Markers and Historic Sites are spread out in enough places ("there's a site six hours from anywhere") that many people should be able visit at least one with relatively little effort. The sites are not always where you might expect to find monumental history, to say the least; but all have the power to transform even your own hometown into a place you've never been. Since Demetrios feels strongly that "the journey to a place as an integral part of the story of that place," his Field Guides offer good directions, detailed historical accounts, engaging design, and useful glossaries, but little in the way of thorough photodocumentation. Rather than finding the whole story laid out in the pages, you are inspired to undertake something that is really quite analog, and finish the exploration for yourself. If you go on the site and plug in your location, it geo-tracks you and suggests the closest sites and nearby restaurants. It's worth looking up the prevalence of sites on any trip you have planned, thereby to find yourself delving deeper into "local history" than most locals may ever have done. The plaques function as communication beacons, providing start or end points for your travels in between; prompts, really, for adding a new dimension to experience, and for the accrual of personal history.
Speaking of personal history, if his first name rings a bell, that's because his grandparents were the iconic designers and influential thinkers, Charles and Ray Eames. His 2002 book "An Eames Primer," and his TED talks on the subject, are as much about preserving his grandparents' stories as a personal matter as it about anthologizing the legacy of their biggest ideas. He himself operates as a documentarian, writer, and storyteller who never fails to emphasize that he is "not a designer, not an architect." That said, he readily admits -- and this project very much demonstrates -- that there is a salient role for design and architecture to play in storytelling too, and in that sense he has clearly absorbed certain principles from the famously user-friendly, pragmatic work of his family. For example when he says, "How can I, working intuitively, help people understand this space as part of the story?" it is very much in line with pronouncements from the Eameses like "The details are details. They make the product. The connections, the connections, the connections. It will in the end be these details that give the product its life." And when Demetrios says "I think we all have a responsibility to our heritage, which is not exactly us, but is a part of us, and to our own present and future, which is us, but not only us," he could be speaking as much about his family's work as about what drives his work as the Geographer-at-Large for Kcymaerxthaere.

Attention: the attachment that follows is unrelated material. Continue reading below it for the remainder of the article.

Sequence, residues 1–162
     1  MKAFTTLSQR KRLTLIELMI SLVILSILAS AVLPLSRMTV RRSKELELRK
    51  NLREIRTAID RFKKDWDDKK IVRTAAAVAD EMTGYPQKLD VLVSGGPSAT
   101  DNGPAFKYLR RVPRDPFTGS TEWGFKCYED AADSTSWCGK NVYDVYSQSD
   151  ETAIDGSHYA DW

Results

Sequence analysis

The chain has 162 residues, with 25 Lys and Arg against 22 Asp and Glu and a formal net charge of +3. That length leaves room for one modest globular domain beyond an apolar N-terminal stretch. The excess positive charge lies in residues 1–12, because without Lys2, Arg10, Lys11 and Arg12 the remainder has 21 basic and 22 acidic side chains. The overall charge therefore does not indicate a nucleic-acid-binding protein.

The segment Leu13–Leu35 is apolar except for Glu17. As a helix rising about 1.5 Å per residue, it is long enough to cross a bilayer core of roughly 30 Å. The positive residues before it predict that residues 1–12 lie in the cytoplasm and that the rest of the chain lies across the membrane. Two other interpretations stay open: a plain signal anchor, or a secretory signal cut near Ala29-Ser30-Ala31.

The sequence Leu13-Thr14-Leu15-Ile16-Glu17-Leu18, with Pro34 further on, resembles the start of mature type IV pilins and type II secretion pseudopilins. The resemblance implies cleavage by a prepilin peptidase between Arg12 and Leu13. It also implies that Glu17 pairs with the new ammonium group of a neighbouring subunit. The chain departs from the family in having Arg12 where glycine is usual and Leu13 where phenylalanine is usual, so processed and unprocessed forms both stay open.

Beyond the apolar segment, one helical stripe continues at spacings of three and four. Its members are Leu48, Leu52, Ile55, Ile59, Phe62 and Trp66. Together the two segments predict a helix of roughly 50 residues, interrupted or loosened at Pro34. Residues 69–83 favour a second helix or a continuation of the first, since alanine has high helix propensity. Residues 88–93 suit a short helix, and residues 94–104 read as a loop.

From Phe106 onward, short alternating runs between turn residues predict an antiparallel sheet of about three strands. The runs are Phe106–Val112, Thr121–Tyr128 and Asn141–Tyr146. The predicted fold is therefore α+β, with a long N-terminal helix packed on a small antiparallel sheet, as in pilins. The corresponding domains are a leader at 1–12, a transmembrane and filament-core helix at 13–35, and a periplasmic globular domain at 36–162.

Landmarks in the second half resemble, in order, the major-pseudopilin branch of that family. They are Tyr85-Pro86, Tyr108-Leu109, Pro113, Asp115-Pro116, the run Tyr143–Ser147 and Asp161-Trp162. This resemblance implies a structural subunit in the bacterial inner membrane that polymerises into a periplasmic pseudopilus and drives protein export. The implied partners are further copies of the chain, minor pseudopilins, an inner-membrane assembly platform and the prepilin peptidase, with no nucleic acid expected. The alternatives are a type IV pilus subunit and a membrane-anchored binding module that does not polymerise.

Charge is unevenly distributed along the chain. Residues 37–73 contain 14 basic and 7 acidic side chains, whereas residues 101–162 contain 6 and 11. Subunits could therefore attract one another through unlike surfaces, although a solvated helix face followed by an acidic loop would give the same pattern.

There's a bit of a spoiler here, but when pressed further on the paradoxical relationships of then and now, here and there, fact and fiction that animate the undertaking, Demetrios describes a moment when he thought to himself, "Wouldn't it be lovely to experience a fiction out in the physical world, in a way that involved all the senses, plus time, space, etc." But still it's important to him as an artist and author that the experience survive and retain its value after the secret is discovered. "Part of me doesn't want to answer the question, to expend energy trying to differentiate what's true in our world from what's true in theirs. It's like Second Life except you can stub your toe! I'll say this though; there's a school of public thought that is about reinterpreting history, being counterfactual, and that's fine but it's not what I'm doing. The real story of everything is already wonderful, it doesn't need my help, only my maps. These are whole new stories to us, and although they happened and are happening both there and here, the moment this becomes known to us the history is a part of this place, the here place. The mind has a virtual reality toolkit ready to be unpacked; and anyway don't we all suspend disbelief every day? Everything we know, at some point someone else told us, taught us. Is it really so different? Let yourself be unmoored for a moment -- we don't get enough of that."
Top Image: Story Stones detail.